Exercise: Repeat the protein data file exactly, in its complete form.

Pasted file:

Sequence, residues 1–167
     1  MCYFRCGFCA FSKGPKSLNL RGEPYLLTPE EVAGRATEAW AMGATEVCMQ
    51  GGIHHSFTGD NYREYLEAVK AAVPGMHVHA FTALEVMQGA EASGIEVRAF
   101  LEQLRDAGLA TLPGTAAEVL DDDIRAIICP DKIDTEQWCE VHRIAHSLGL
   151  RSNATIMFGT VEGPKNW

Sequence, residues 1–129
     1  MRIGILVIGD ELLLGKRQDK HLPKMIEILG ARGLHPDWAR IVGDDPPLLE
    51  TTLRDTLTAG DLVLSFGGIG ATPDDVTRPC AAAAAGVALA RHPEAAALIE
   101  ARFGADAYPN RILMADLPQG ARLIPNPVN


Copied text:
Sequence, residues 1–167
     1  MCYFRCGFCA FSKGPKSLNL RGEPYLLTPE EVAGRATEAW AMGATEVCMQ
    51  GGIHHSFTGD NYREYLEAVK AAVPGMHVHA FTALEVMQGA EASGIEVRAF
   101  LEQLRDAGLA TLPGTAAEVL DDDIRAIICP DKIDTEQWCE VHRIAHSLGL
   151  RSNATIMFGT VEGPKNW

Sequence, residues 1–129
     1  MRIGILVIGD ELLLGKRQDK HLPKMIEILG ARGLHPDWAR IVGDDPPLLE
    51  TTLRDTLTAG DLVLSFGGIG ATPDDVTRPC AAAAAGVALA RHPEAAALIE
   101  ARFGADAYPN RILMADLPQG ARLIPNPVN